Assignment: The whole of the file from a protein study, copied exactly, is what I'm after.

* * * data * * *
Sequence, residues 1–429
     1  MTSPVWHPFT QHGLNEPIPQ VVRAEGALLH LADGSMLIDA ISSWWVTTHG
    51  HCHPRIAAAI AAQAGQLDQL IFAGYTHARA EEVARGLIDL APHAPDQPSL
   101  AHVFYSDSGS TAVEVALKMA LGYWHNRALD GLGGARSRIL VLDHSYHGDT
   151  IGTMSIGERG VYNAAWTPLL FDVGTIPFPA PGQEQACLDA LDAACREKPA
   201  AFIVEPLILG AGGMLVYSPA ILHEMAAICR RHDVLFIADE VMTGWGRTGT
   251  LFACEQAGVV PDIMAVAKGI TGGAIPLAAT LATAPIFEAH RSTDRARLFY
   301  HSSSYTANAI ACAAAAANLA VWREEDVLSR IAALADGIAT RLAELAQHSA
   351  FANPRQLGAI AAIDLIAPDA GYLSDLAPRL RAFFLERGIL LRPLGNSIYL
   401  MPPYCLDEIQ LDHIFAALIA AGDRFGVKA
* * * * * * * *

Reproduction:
Sequence, residues 1–429
     1  MTSPVWHPFT QHGLNEPIPQ VVRAEGALLH LADGSMLIDA ISSWWVTTHG
    51  HCHPRIAAAI AAQAGQLDQL IFAGYTHARA EEVARGLIDL APHAPDQPSL
   101  AHVFYSDSGS TAVEVALKMA LGYWHNRALD GLGGARSRIL VLDHSYHGDT
   151  IGTMSIGERG VYNAAWTPLL FDVGTIPFPA PGQEQACLDA LDAACREKPA
   201  AFIVEPLILG AGGMLVYSPA ILHEMAAICR RHDVLFIADE VMTGWGRTGT
   251  LFACEQAGVV PDIMAVAKGI TGGAIPLAAT LATAPIFEAH RSTDRARLFY
   301  HSSSYTANAI ACAAAAANLA VWREEDVLSR IAALADGIAT RLAELAQHSA
   351  FANPRQLGAI AAIDLIAPDA GYLSDLAPRL RAFFLERGIL LRPLGNSIYL
   401  MPPYCLDEIQ LDHIFAALIA AGDRFGVKA